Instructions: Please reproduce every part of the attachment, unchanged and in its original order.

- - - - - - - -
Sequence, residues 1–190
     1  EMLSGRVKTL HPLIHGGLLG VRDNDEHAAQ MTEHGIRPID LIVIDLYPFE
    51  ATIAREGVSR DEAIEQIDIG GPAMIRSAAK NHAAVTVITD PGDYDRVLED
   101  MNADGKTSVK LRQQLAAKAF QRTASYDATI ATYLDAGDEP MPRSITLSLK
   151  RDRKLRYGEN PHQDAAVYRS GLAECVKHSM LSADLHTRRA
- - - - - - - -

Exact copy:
Sequence, residues 1–190
     1  EMLSGRVKTL HPLIHGGLLG VRDNDEHAAQ MTEHGIRPID LIVIDLYPFE
    51  ATIAREGVSR DEAIEQIDIG GPAMIRSAAK NHAAVTVITD PGDYDRVLED
   101  MNADGKTSVK LRQQLAAKAF QRTASYDATI ATYLDAGDEP MPRSITLSLK
   151  RDRKLRYGEN PHQDAAVYRS GLAECVKHSM LSADLHTRRA